The federal agency got “almost everything it wanted,” Justice Antonin Scalia said of a 7-2 ruling that upheld a key part of the Obama administration’s regulations to cut industrial emissions of climate-altering pollution.
Climate Central’s interactive map portrayed Texas and other cities’ projected summer highs. The World Meteorological Organization, meanwhile, urged water planners and others to consider hotter conditions occurring now. [With interactive graphic.]
Longtime, mostly urban, environmental advocates traded policy ideas recently with property-rights activists from rural areas. Will the fledgling alliance have staying power? San Antonio writer Greg Harman reports.
The report “highlights how climate change is expected to interact with, and in many cases exacerbate, problems we already struggle with today in Texas,” Texas Tech scientist Katharine Hayhoe told TCN.
A U.N.-sponsored panel, comprising researchers from 39 countries, said scientists are now 95 percent certain that humans are the main cause of global warming. TCN asked Texas climate experts for their reactions to the report.
The aim of the conference, planned in response to a class assignment at UT’s LBJ School, was to identify “collaborative solutions” to help make the Austin region more resilient to the impacts of climate change.
A federal appeals court reversed a ruling, sought by a conservation coalition, which temporarily halted new water-use permits in river systems feeding the endangered species’ winter habitat on the Texas coast.
Gov. Rick Perry said the new regulations were meant to “appease” only “a tiny sliver of environmental extremists.” Opinion surveys found about two-thirds of all Americans back the climate-protection initiative, however.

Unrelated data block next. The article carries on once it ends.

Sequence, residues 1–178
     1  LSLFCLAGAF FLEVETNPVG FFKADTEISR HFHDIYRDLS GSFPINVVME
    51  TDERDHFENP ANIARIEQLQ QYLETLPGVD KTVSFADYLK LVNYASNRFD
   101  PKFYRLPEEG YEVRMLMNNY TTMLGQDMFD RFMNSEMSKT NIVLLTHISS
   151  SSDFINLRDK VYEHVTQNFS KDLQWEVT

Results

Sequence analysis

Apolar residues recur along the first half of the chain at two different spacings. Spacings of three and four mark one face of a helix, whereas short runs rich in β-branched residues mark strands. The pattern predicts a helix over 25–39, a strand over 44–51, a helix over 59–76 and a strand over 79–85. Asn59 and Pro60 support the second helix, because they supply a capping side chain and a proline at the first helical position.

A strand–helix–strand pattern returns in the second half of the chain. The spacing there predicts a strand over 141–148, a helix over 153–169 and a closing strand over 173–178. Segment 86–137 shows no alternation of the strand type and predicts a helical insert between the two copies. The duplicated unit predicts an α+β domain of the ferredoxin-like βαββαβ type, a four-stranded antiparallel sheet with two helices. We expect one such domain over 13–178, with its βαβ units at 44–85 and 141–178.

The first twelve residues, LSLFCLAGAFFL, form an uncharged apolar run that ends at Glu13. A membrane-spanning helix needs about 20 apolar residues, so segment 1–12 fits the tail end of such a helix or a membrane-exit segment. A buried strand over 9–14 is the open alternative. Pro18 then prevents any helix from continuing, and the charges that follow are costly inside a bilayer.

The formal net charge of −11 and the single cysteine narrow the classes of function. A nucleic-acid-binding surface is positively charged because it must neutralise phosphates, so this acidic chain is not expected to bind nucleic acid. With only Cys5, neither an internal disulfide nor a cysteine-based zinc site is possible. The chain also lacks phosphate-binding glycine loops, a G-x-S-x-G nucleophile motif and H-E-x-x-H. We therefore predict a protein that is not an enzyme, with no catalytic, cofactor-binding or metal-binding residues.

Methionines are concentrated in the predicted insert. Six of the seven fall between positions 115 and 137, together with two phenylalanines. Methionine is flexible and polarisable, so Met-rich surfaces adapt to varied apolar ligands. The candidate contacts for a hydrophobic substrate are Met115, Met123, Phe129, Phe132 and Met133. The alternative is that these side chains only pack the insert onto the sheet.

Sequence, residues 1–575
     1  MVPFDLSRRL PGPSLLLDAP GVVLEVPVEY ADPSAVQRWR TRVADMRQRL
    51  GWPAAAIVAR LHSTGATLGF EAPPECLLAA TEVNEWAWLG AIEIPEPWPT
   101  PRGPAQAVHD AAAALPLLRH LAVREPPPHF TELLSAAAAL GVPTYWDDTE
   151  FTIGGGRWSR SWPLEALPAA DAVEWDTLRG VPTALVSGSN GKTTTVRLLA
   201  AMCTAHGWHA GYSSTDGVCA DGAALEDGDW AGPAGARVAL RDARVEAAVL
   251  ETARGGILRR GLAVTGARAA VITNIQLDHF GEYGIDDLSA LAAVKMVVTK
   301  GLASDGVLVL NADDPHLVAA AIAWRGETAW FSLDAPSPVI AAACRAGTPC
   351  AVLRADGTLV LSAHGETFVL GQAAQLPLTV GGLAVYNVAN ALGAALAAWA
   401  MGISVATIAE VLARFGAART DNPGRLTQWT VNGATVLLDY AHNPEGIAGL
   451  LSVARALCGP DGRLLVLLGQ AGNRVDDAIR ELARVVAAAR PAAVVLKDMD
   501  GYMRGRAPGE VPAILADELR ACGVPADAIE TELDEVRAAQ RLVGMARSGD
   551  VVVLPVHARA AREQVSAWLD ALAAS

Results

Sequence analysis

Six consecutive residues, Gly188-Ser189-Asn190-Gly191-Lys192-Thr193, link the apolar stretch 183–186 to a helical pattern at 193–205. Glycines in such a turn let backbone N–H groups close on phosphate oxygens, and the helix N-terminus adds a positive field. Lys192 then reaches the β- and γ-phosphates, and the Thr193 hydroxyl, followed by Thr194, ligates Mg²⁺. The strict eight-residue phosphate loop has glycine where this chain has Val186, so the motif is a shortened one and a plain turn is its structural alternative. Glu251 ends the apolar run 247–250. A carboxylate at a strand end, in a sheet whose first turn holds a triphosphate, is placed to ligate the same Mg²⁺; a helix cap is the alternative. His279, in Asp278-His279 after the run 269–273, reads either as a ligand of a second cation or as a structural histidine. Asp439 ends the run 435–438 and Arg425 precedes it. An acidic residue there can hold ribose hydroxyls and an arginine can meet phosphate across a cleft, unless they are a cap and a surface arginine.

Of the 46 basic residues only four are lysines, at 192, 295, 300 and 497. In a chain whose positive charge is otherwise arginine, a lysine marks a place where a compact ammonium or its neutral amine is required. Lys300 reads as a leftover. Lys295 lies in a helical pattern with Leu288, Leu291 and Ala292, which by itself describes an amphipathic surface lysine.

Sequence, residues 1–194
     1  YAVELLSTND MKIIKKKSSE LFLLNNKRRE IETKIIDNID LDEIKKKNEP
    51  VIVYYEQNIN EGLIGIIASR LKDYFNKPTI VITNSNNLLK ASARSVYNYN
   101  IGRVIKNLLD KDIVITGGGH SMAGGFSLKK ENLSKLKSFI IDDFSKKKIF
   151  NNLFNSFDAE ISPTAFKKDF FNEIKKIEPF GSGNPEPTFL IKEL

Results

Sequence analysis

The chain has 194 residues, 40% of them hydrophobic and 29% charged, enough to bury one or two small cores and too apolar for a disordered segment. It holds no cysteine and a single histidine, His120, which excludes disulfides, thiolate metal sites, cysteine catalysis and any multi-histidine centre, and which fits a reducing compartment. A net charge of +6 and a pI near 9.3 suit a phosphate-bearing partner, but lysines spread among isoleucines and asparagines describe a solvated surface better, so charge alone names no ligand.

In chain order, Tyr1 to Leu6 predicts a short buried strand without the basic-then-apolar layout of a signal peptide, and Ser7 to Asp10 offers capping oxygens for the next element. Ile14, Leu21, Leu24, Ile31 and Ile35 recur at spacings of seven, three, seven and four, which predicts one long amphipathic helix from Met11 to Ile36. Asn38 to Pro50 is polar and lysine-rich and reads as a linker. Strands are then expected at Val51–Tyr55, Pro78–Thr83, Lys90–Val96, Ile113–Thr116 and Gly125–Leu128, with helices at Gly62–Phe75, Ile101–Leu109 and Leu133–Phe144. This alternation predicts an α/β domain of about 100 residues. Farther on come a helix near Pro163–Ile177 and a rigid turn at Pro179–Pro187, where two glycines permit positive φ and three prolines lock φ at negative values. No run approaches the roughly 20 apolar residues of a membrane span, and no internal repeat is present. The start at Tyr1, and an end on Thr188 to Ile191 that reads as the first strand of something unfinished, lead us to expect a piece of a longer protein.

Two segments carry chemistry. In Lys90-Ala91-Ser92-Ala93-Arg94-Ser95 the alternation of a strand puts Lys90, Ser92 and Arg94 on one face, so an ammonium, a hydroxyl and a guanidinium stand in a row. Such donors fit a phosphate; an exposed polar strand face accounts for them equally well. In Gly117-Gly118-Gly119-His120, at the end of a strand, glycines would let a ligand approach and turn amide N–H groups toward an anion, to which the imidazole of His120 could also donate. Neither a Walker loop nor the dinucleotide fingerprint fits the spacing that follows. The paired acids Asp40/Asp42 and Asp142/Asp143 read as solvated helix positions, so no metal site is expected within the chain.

Energy and economic experts said the EPA’s new rules for existing power plants can be a net economic benefit for the state, especially by boosting its natural gas, wind and solar industries to replace coal burning.
“We have to adapt because the climate is changing,” California Gov. Jerry Brown declared. There’s been no such talk from Texas’ top officials, of course, but drought adaptation is getting serious consideration all the same.
“The facts are, our area is warmer, and the facts are, there’s no indication at this point that it’s going to cool down,” researcher B.A. “Bob” Stewart, an agriculture expert with nearly half a century of professional experience in the region, told TCN.
journalism on climate
Think it’s hot in Austin? Get used to 110. Texas Tribune
Texas is wired for wind power, and more farms plug in. New York Times
BP oil spill dispersants still in environment. Pensacola News Journal
‘Shocking’ underground water loss in US drought: study. Agence France-Presse
Proposed EPA guidelines may tip the ‘balance of power’. Fort Smith City Wire
San Juan battle lines drawn. Albuquerque Journal News
Obama opens Eastern Seaboard to oil exploration, upsetting environmentalists. Dallas Morning News
White House announces climate change initiatives. New York Times